Christopher Luxon, the National Party candidate contesting the Botany seat in September’s General Election, shares his thoughts on the controversial proposed development on the former site of Steward Motors on Sandspit Road
The Cockle Bay Residents Association and the residents of Reydon Place and Trelawn Place deserve a medal.
For the last two years they have rightly been fighting the development of the former Steward Motors site on Sandspit Road into a residential complex comprising firstly of 71 apartments and now an amended application with 54 apartments.
It is insane for Auckland City Council to even be considering the development of this site. The Council spent $75 million creating the Auckland Unitary Plan which assigned different residential density zones for all suburbs across Auckland. This 5417m2 site on Sandspit Road was in the former Residential Heritage 7 Zone and has been designated a Single House Zone under that Unitary Plan. This means that this site can, at most, support only nine single houses – not 71 or 54.
There are other reasons that this development should not be considered by council. The major one is that the proposed development will place a big demand on the supporting infrastructure. The site is directly across the road from both Howick College and Cockle Bay School where, every day, 3000 students and staff descend on the area. It is common for the residents of Trelawn Place to have difficulty getting out of the street during school drop-off and pick-up times. A resident who is a midwife recently struggled to reach her client having a baby due to the traffic in this suburban street.
Developments like this place major pressure on roading, traffic and parking, but they also place immense pressure on supporting infrastructure like the three waters – drinking water, storm water, and wastewater. These systems were often designed many years ago and, with infill housing, are already at breaking point and are simply not able to take on the extra load that a large development with many more residents and bathrooms creates.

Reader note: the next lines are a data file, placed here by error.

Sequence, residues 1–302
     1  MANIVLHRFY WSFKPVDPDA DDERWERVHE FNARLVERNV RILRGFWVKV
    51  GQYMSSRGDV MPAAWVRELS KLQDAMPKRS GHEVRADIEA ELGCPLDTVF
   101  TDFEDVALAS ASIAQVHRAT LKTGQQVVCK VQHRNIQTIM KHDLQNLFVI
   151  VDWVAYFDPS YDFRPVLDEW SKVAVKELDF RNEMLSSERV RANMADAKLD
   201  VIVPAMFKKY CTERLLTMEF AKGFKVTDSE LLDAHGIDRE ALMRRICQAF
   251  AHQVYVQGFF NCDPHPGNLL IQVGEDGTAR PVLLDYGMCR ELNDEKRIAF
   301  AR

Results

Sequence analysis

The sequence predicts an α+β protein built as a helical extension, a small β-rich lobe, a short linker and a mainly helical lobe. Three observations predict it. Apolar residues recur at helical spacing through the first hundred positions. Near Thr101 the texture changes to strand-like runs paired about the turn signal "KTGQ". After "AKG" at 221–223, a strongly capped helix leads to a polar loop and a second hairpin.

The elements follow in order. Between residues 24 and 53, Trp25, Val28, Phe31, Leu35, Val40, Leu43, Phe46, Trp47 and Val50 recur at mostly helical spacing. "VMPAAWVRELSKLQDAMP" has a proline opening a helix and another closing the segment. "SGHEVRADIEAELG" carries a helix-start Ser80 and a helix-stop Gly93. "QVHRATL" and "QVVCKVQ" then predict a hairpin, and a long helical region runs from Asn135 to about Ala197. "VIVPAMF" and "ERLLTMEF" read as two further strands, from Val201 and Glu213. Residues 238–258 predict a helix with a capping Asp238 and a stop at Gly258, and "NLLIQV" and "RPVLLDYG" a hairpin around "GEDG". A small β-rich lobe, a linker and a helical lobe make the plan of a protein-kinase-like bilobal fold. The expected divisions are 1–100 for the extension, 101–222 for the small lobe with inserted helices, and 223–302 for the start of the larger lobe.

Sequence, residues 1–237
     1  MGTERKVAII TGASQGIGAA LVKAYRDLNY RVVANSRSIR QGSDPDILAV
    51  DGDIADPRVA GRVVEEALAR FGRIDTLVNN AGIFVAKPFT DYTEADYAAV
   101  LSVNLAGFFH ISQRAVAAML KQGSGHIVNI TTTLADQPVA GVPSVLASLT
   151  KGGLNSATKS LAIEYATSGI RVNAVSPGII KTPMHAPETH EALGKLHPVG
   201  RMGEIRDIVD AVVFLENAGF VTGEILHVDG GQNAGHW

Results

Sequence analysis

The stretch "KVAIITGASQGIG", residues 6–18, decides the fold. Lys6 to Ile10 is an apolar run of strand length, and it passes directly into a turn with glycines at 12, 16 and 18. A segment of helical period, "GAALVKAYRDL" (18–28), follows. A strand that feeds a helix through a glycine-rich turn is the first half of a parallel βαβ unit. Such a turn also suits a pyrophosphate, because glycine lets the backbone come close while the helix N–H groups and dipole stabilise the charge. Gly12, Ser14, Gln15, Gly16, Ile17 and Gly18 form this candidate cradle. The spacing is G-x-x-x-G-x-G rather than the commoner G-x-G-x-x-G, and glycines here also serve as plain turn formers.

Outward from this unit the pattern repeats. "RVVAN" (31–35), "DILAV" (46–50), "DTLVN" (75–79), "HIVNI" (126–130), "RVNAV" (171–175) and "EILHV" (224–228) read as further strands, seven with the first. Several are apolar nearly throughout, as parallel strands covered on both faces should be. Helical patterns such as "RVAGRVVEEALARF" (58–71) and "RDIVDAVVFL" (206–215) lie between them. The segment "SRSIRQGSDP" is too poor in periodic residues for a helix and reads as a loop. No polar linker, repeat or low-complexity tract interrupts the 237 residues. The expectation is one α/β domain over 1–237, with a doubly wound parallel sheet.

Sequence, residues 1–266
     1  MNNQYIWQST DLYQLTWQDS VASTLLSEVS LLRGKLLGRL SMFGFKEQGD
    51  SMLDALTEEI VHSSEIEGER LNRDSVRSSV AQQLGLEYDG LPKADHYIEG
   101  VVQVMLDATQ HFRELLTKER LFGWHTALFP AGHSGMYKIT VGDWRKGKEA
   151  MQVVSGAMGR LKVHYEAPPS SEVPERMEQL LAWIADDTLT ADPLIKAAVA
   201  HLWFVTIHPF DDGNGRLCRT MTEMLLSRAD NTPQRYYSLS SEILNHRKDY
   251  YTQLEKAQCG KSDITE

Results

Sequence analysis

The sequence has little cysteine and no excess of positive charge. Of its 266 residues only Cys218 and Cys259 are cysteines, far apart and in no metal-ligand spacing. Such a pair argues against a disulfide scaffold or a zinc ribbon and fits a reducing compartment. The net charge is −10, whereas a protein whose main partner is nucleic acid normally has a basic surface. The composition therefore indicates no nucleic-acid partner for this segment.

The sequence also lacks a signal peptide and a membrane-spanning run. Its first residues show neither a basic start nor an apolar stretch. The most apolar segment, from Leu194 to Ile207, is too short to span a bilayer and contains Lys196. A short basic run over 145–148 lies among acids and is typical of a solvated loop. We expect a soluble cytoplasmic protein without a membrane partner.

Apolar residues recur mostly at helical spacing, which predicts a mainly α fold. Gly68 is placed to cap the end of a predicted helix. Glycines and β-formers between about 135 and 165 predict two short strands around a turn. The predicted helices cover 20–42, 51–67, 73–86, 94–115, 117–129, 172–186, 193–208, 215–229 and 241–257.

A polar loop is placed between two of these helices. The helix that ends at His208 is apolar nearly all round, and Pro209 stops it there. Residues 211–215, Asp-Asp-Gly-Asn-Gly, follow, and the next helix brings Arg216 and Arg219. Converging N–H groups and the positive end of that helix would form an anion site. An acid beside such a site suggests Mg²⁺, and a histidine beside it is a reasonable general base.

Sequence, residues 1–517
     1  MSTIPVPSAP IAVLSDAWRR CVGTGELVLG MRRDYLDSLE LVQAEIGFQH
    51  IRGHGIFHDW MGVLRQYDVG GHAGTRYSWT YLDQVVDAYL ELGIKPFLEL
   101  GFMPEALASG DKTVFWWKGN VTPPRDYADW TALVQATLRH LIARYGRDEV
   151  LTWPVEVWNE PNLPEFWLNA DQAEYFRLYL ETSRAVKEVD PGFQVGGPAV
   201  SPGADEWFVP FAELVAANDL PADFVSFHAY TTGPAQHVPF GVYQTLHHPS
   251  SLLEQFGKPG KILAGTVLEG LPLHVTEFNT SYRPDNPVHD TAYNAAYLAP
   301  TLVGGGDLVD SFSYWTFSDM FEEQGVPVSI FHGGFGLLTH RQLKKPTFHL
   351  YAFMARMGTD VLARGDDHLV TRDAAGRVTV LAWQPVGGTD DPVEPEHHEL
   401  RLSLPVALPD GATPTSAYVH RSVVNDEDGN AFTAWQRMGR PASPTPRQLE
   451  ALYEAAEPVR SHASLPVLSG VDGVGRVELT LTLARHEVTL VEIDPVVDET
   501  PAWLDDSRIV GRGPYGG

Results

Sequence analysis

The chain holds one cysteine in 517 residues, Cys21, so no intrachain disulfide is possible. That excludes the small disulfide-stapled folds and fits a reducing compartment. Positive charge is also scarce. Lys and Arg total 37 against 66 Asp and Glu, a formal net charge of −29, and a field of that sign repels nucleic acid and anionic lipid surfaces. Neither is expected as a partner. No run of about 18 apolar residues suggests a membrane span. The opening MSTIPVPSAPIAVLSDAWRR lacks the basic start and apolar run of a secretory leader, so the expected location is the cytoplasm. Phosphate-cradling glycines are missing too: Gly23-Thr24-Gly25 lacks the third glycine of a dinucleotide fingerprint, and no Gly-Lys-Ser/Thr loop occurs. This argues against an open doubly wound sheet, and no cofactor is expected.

Don’t get me wrong, I’m not against development, but in this country we do a very poor job developing and executing an infrastructure strategy. Development is almost always approached as a series of discrete and bespoke projects.
There is no doubt we have major housing challenges in Auckland. Population growth, the continuing trend toward urbanisation, and people wanting to live where job opportunities are concentrated are all fuelling steady demand. The housing stock of Auckland, has not expanded quickly enough to keep up with this demand.
So, development is critical, but it needs to be smart and joined up. I acknowledge, the simplicity of that statement belies the complexity of executing on it. However, let’s focus on just one possible solution we see in the good practice from development around the world.
The best-congested cities promote residential density around transit and transport centres rather than encouraging more suburban sprawl and longer commutes. In these transit zones, local objectives can be promoted, such as reduced dependence on private vehicles or the development of mixed-use, pedestrian-friendly cityscapes. I lived in St Leonards in Sydney and watched as apartment blocks and shopping centres were constructed around the train station to create a great community and place to live.
A better example for us in Auckland is Panmure which is emerging as a transit hub with the newly upgraded railway station and as a connection point for the Eastern Busway connecting Botany to the city. This is the area to intensify land use and residential density around an emerging transit stop and where multi-unit residential complexes like that being proposed at Sandspit Road should be located.
The Cockle Bay residents are right to be concerned about the changing character of their neighbourhood, the resultant stress it creates on our infrastructure and the lack of consistency with the council’s own stated development strategy.
If you want to support the work of the Cockle Bay Residents Association, I would strongly encourage you to make a submission on the new application when it is officially notified. This issue should be important to all of us in Botany, but also to all Aucklanders given the precedent it creates for other areas with Single House Zones.